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73 – March – 14 – THIS DAY IN BAPTIST HISTORY PAST


Overcoming Afflictions

1773 – Today in This Day in Baptist History Past, we again celebrate the life of our entry of March 9, Edmund Botsford, who was ordained into the gospel ministry by Rev. Oliver Hart, Pastor of the First Baptist Church of Charleston, S.C. on this date.  The event took place in Savannah, Georgia and the sermon text was from I Tim. 4:16 – Take heed unto thyself, and unto the doctrine; continue in them: for in doing this thou shalt both save thyself, and them that hear thee.  In the area of Georgia where Mr. Botsford ministered the people were a mixed multitude of emigrants from many different places; most of whom were destitute of any type of religion.  Those who were religious were zealous Lutherans and other styles of church men who were violently opposed to Baptists.  On one occasion he preached at the courthouse and he seemed to have the hearer’s attention when someone yelled “the rum is come.”  The crowd diminished and by the time the dust settled, so to speak, the crowd had thinned and many of his hearers were intoxicated and fighting.  An old gentlemen came up to him, took his horse by the bridle, bragged on his sermon and invited him to drink with him, which Botsford declined.  But in that the old man invited him to come and preach, and it was accepted, Botsford went and had great success when the old man’s sons and wife received Christ.  During the last fifteen years of his life Botsford suffered from a nerve disease in one side of his head that would actually cause him to go into a cataclysmic state sometimes upward of a minute and a half, and then when he would come out of it he would assume preaching.  The audience was aware of an unusual presence of God in his life.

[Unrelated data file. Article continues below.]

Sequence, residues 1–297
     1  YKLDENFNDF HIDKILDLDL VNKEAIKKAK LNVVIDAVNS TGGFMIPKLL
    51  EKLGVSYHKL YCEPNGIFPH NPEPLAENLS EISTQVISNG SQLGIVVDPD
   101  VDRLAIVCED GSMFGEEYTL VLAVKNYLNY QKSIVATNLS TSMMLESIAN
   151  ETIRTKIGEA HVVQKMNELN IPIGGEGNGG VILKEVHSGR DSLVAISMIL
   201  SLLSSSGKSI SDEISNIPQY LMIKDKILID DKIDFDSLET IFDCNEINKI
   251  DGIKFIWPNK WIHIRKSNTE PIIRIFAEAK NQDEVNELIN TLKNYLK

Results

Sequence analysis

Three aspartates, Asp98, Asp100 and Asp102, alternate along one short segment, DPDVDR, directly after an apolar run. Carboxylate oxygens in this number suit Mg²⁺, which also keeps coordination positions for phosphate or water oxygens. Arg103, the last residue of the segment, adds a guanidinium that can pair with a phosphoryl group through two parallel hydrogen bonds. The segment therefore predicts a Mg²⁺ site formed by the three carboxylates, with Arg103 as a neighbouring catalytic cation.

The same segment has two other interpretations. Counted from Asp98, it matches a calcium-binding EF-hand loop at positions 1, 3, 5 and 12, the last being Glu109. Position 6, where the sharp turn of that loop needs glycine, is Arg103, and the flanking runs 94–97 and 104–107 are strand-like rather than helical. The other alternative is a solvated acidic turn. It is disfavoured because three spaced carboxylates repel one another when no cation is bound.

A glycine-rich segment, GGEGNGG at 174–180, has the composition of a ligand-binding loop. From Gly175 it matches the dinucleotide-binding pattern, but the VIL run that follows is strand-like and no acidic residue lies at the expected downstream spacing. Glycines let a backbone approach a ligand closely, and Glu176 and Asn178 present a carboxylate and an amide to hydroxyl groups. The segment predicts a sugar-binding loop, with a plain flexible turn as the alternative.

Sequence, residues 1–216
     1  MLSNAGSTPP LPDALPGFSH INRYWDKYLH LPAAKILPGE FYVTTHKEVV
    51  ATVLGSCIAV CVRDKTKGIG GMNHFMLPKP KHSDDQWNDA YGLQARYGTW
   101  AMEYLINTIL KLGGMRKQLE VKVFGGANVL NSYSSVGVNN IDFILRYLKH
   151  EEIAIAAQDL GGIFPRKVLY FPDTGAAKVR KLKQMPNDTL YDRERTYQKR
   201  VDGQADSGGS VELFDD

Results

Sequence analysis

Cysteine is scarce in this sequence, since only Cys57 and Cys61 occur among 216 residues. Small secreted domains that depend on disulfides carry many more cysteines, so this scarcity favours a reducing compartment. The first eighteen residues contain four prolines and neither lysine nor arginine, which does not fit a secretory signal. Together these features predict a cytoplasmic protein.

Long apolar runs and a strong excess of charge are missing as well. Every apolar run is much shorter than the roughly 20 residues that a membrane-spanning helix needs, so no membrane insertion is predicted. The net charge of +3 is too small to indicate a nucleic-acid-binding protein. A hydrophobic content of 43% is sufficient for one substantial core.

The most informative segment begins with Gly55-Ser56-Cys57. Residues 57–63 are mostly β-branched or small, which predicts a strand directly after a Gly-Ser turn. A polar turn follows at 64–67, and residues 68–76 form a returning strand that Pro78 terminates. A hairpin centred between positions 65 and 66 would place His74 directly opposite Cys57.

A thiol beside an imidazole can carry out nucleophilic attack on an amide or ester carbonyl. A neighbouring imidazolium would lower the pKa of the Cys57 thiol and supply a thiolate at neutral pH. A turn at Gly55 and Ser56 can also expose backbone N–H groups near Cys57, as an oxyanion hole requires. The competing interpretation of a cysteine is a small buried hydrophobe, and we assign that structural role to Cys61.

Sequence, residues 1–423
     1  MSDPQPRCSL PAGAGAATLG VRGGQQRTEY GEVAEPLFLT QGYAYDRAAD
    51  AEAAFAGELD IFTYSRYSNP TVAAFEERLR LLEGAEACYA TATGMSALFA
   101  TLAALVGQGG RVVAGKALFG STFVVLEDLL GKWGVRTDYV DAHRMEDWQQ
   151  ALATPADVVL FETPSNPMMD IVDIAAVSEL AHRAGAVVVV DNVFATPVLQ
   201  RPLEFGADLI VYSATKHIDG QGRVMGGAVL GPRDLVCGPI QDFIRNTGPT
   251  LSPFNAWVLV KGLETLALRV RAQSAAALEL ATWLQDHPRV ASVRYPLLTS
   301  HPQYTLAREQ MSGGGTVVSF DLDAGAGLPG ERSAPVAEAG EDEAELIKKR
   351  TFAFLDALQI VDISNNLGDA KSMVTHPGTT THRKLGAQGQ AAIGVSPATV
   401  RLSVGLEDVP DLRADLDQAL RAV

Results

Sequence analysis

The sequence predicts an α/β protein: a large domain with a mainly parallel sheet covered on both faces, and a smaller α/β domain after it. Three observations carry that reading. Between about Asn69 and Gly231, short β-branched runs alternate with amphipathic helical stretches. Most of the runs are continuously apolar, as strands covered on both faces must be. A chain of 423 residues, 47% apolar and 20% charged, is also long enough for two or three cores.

Dr. Greg J. Dixon, from: This Day in Baptist History Vol. I: Cummins/Thompson /, pp. 104.

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340 – Dec. 06 – THIS DAY IN BAPTIST HISTORY PAST


He made it clear that all associations are entirely “voluntary”.
December 06, 1821 – The First State convention was formed in South Carolina, “for the promotion of evangelical and useful knowledge, by means of religious education and the support of missionary service among the destitute…and the promotion of the true interest of the churches of Christ in general, and of their union, love and harmony in particular.” And yet again, “The Convention shall recognize the independence and liberty of the Churches of Christ, and consequently shall not in any case arbitrarily interfere with their spiritual obligations.” Denominational colleges were begun rapidly in the states that followed the pattern of establishing state conventions. The first cohesive effort among Baptists began in 1707. It was for the purpose of educating its ministers and the spread of the gospel in the world. The growth of associations was very slow among the Baptist churches for fear of the assumption of power by the associations. It was 60 years after the Philadelphia Association that the Warren Association, of Rhode Island was formed. It was only after assurances from men like Edward T. Hiscox in his Baptist Directory (1866) did the growth of the associations proliferate. He made it clear that all associations are entirely “voluntary”. No church or individual was obligated to unite with them and they “can leave them when they wish.” The research by Robert G. Gardner reveals that in 1780 there were approximately 1066 Baptist churches in America and only 14 Associations, representing 286 churches which were less than 25%. However that was to change drastically when Luther Rice returned from the field from India. The birth of the Triennial Convention for the cause of missions, the development of associations and state conventions became a reality.
Dr. Greg J. Dixon from: This Day in Baptist History Vol. I: Cummins Thompson /, pp. 508-10.

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